The brief scherzo begins with an ambling andantino, whose serenade-like cadences soon give way to a Presto non assai ma con sentimento.  This turns out to be the main portion of the movement, developing its own self-contained sonata form and generating a burst of energy before subsiding in a quiet glow. The finale is a set of variations just like the last movement of Mozart’s Clarinet Quintet.  The theme is followed by five variations and a coda, handled with all the marvellous harmonic resource of Brahms’ later manner. The tune itself seems to reflect much of the material we have already heard and the variations themselves underline this cyclic idea. The agitated second variation clearly alludes to the gypsy arabesques of the slow movement, and the fourth variation recalls the presto theme from the third movement. The final variation takes on the form of a passionate waltz, leading without a close straight into the coda. This begins in a sombre mood and quotes both the opening and the closing of the first movement, with subtle hesitations and an unexpected stress at the very end that hints at the coming of winter. 

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Clarinet Quintet in B minor Op.115

Composer: Johannes Brahms (b. 1833 - d. 1897)
Performance date: Friday 4th July 2014
Venue: Bantry House Library, Bantry, Co. Cork, Ireland,

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http://archive.westcorkmusic.ie/details/view/cmf/432

Composer Johannes Brahms (b. 1833 - d. 1897)
Work Title Clarinet Quintet in B minor Op.115
Composition Year 1891
Work Movements 1. Allegretto
2. Adagio
3. Andantino
4. Con moto
Artist(s) Danish Quartet (Frederik Øland, Rune Sorensen [violins], Asbjørn Nørgaard [viola], Fredrik Sjölin [cello]) [quartet], Julian Bliss [clarinet]
Performance Date Friday 4th July 2014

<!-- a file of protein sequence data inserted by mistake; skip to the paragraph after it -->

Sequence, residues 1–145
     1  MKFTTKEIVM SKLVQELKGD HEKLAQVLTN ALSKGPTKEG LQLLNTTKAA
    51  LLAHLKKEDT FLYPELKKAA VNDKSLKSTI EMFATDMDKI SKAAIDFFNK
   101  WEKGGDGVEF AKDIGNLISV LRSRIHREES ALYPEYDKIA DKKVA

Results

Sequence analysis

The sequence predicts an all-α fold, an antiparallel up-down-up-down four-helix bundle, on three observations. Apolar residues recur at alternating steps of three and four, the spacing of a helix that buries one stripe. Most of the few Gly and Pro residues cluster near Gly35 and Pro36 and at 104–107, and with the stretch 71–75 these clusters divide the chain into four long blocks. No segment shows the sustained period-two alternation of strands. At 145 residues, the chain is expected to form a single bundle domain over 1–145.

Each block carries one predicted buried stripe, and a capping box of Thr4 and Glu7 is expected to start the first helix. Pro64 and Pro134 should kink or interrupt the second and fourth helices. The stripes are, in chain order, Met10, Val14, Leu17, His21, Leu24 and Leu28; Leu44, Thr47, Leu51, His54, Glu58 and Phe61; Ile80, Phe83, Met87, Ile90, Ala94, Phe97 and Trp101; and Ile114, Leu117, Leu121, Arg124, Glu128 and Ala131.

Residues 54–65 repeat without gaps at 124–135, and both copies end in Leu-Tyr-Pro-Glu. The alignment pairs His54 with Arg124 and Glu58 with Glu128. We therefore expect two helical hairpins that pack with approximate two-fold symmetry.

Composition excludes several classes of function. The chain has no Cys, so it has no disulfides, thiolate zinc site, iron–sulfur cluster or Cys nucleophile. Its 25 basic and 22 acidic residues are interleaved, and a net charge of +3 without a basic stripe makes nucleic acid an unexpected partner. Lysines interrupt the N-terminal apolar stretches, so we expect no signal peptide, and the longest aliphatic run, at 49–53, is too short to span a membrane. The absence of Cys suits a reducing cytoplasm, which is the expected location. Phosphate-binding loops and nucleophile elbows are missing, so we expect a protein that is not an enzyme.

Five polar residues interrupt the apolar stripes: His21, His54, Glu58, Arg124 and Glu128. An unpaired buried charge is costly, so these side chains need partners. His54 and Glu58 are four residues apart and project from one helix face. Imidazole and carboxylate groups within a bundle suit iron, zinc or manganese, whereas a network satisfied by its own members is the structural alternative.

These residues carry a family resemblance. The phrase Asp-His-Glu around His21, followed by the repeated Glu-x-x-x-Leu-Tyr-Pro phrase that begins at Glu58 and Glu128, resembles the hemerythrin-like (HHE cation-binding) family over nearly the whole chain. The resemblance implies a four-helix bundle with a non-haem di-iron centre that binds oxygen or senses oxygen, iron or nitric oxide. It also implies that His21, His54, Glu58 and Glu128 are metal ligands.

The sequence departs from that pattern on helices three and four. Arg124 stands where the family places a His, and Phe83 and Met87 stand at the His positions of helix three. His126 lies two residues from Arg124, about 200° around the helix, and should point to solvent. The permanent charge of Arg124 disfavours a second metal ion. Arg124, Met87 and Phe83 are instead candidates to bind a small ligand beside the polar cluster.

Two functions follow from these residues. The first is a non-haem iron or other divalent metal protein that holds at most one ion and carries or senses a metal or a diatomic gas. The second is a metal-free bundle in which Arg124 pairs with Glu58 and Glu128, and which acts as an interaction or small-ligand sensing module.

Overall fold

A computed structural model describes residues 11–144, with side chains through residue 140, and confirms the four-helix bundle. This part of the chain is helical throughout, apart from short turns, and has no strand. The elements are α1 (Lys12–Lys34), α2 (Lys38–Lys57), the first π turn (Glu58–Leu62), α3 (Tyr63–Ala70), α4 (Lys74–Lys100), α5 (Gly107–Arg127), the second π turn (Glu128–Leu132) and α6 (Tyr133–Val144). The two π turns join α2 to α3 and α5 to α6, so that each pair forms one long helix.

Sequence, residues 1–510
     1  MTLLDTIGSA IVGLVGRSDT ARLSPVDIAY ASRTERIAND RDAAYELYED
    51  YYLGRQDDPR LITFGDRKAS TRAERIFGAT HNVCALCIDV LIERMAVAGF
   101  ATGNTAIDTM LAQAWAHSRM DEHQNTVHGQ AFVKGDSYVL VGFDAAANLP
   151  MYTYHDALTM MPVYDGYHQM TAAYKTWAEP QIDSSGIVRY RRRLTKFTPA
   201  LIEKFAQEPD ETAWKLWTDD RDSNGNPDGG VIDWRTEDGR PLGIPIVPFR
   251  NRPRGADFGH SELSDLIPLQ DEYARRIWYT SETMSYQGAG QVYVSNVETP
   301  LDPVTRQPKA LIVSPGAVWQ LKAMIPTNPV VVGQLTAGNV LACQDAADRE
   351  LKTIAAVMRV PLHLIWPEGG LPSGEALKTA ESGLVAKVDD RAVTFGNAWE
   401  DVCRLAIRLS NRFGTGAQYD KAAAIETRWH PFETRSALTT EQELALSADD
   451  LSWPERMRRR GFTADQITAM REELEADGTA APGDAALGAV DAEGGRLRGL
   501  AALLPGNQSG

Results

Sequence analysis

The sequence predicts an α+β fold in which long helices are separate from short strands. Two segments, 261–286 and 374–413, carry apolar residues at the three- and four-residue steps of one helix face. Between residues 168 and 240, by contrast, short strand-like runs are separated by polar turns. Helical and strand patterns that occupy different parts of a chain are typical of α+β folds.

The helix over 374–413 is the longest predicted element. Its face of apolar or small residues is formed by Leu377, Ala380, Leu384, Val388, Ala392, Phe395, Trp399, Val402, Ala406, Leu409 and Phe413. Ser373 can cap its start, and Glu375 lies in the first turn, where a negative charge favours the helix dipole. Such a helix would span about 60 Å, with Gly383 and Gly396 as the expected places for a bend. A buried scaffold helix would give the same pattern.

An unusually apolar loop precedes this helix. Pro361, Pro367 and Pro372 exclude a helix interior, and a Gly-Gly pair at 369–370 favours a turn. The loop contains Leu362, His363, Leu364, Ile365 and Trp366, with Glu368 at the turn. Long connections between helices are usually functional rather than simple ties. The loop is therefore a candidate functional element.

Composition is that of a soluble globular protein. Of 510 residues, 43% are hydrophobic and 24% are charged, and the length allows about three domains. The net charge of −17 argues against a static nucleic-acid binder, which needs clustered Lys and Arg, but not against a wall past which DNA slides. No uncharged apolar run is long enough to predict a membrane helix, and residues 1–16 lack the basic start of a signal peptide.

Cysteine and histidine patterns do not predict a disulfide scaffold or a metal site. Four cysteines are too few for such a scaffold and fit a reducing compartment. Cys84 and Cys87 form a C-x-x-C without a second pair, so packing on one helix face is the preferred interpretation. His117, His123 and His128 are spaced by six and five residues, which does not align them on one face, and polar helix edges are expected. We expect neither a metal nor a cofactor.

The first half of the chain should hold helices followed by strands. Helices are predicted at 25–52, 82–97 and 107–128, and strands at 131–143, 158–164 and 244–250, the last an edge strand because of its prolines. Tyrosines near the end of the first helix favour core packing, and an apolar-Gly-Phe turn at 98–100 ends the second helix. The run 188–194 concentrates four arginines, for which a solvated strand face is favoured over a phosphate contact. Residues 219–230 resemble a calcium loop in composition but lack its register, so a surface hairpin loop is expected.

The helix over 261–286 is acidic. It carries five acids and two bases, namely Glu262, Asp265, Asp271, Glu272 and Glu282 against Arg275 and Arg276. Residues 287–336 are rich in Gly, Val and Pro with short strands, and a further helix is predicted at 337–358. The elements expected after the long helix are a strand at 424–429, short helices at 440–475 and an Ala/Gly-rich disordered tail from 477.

Performance Venue Bantry House Library, Bantry, Co. Cork, Ireland,
Event Late Night Concert
Duration 00:38:06
Recording Engineer Richard McCullough, RTE
Instrumentation Category Clarinet Quintet
Instrumentation cl, 2vn, va, vc
Programme Note Writer © Francis Humphrys

If ever a justification was needed for a music festival, then the story of Brahms' meeting with Richard Mühlfeld provides it. After writing his Opus 111, Brahms had been threatening to retire from composition: Above all I was always used to everything being clear to me. It seems to me that it's not going the way it used to. I'm just not going to do any more. My whole life I've been a hard worker; now for once I'm going to be good and lazy! His visit to the week-long festival at Meiningen changed all that. Brahms was stunned by performances of the Weber Clarinet Concerto and Mozart Clarinet Quintet by Mühlfeld. Here was a musician who could make his instrument sing like a violist or mezzo-soprano – other incarnations of the dark, soulful voice that had always seduced him. He sat with him for hours listening to him play and was spellbound by the sensuality of the clarinet in Mühlfeld's hands. The fruits of that summer's composing were first the Clarinet Trio and then, what he called a far greater folly, the B minor quintet.